[Analog recording is dependent on every step in the process. The real advantage of digital is that we only make a blueprint of the original signal - but no matter how battered or beat up the blueprint gets - if it's still readable we can recreate the original signal].

Figuring the 20kHz upper limit at 7.5IPS and multiply that figure by 100 and you see that when the tape is moving at 750IPS we only get a 2MHz bandwidth - not quite enough for video. To get to 4MHz we'd have to move tape at 1500IPS. Anything over 200 IPS is difficult as we have so many physical limitations as I have mentioned before.

The key is the head/tape speed relationship. We could hold the tape still and move the head at 1500IPS and that would give the same effect. That would be harder than moving the tape - but we can split the difference and move both the head and the tape to increase the speed difference between them and stay within manageable physical limits.

In 1956 the engineers at Ampex introduced the first broadcast video recorder - the Mark IV - and Ampex made history. [Ray Dolby - well known for the Dolby Noise Reduction system that bears his name was part of the original group which brought forth the Mark IV].

They developed what is known as the Quadruplex system. They mounted a 2" diameter wheel on the end of a motor shaft. Then they placed four heads 90 degrees apart on edge of the wheel. The capstan spun at 14,400 RPM and the heads ran vertically against a horizontally moving 2" wide band of tape. They would switch one head on as it entered the tape while simultaneously turn off the head that was just leaving the tape area. The did this 4 time for each revolution. [Though the concept it simple the execution of it was quite complex because of the timing problems.]

Take 14,440RPM and divide it by 60 to get revolutions per second, and that gives us 240RPS. We don't write across the full-width of the tape as there is room needed for a control track, guard bands, etc, but it we could you would see that 240 RPS times 2" per head pass times 4 head passes per revolution would yield 1920IPS. That's more than we would need to get the signal we wish to record. [The actual speed of writing on Quad machine is 1508 inches/second.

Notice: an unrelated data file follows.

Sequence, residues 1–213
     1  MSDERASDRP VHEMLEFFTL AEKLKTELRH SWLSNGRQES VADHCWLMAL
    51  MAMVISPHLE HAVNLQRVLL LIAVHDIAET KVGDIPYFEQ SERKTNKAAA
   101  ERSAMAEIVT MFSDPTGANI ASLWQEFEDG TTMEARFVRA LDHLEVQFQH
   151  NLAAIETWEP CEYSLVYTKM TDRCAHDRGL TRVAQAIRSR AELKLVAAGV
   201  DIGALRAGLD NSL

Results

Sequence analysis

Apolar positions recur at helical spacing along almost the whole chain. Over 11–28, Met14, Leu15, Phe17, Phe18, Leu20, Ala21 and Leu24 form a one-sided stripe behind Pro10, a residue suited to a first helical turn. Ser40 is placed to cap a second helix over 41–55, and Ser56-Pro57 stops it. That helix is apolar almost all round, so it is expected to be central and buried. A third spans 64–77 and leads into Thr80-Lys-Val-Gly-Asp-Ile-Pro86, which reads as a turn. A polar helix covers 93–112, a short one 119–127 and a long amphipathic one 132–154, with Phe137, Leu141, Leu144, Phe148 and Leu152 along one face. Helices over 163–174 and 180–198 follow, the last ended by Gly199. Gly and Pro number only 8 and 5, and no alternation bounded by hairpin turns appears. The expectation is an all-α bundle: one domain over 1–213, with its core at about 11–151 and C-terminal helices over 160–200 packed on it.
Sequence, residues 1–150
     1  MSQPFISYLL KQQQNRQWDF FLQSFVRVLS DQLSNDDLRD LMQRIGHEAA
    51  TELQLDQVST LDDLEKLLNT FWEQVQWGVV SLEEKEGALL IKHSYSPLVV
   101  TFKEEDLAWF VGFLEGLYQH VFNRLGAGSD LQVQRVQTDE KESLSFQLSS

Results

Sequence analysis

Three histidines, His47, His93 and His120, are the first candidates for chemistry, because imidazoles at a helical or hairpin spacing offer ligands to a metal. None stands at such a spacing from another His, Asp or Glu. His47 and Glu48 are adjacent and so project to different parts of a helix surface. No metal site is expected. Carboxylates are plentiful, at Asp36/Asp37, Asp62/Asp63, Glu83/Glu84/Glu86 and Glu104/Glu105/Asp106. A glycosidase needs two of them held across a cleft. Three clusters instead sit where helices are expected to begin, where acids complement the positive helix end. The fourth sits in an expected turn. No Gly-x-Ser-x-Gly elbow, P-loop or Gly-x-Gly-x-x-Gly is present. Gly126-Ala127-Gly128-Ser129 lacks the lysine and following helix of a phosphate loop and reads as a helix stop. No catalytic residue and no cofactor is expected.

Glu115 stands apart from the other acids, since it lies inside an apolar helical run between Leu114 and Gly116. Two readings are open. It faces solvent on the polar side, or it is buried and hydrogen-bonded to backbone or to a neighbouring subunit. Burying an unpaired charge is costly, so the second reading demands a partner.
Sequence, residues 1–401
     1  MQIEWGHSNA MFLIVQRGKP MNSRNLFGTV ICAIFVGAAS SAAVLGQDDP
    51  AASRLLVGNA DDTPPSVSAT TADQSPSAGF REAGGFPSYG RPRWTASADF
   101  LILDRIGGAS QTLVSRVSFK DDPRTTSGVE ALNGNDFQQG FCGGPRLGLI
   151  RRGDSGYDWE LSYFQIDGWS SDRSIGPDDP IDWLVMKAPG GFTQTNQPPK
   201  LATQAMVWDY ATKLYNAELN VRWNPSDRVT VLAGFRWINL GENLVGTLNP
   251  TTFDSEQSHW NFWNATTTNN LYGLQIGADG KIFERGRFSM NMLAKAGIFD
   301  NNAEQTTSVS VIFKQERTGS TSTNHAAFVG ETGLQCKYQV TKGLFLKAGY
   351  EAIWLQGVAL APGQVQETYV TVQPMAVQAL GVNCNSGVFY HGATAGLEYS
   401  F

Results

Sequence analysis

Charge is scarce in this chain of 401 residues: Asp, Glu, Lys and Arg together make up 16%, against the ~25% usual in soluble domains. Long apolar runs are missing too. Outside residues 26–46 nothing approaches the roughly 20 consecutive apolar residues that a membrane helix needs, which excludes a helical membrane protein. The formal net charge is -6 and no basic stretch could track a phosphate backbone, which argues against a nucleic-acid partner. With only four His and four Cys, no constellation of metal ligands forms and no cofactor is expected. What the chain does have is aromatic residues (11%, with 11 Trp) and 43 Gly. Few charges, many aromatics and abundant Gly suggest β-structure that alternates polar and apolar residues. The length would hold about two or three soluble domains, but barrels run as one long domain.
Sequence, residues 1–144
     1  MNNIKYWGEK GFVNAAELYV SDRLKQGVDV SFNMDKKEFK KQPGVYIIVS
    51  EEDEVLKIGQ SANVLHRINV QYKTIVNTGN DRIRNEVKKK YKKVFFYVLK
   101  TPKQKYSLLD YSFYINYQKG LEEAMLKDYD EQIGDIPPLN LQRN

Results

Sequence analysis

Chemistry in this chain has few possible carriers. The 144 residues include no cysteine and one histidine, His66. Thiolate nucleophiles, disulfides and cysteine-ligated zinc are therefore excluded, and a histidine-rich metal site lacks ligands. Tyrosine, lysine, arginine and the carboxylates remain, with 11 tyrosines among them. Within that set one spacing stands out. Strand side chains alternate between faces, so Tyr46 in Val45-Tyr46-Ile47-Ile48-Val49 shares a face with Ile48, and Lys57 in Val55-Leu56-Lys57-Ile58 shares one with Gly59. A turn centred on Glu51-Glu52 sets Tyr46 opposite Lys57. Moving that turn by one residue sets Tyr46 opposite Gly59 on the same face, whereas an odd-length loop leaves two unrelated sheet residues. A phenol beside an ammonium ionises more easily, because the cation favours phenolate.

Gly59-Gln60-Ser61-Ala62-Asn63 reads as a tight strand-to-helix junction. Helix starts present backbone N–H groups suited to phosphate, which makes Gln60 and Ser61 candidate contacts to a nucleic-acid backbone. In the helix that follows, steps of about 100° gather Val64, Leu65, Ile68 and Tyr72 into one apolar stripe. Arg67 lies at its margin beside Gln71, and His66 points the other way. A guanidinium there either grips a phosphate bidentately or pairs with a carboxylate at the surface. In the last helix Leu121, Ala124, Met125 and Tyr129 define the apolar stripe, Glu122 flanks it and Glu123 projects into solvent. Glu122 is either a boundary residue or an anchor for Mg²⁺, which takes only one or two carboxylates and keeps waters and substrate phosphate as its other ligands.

The next transition was the helical scan where the tape drum and the tape were not at 90 degrees from each other to closer to 30 degrees and we only used two heads. At this angle that the head would travel longitudinally on the tape 3 times further than the height of the tape, and would form the side of a triangle IF the tape were stretched out straight, and not wrapped around the drum.

Since the tape is moving, the path is curved into a shape as if were wrapped around a tube - a helix - which gave rise to the term helical recording. This first appeared in reel-reel commercial units, and then Sony introduced the first tape cartridge / cassette to use this format - the U-Matic - which led to the data cassettes of today.

Only after Beta emerged as the leader after the early video cartridge/cassette systems failed, the Cartrivision, Great Time Machine, and the V-cord, did the helical recording enter the broad consumer market. VHS entered the market the year before the first small consumer computes - TRS80, Commodore Pet, and Apple II made their appearance.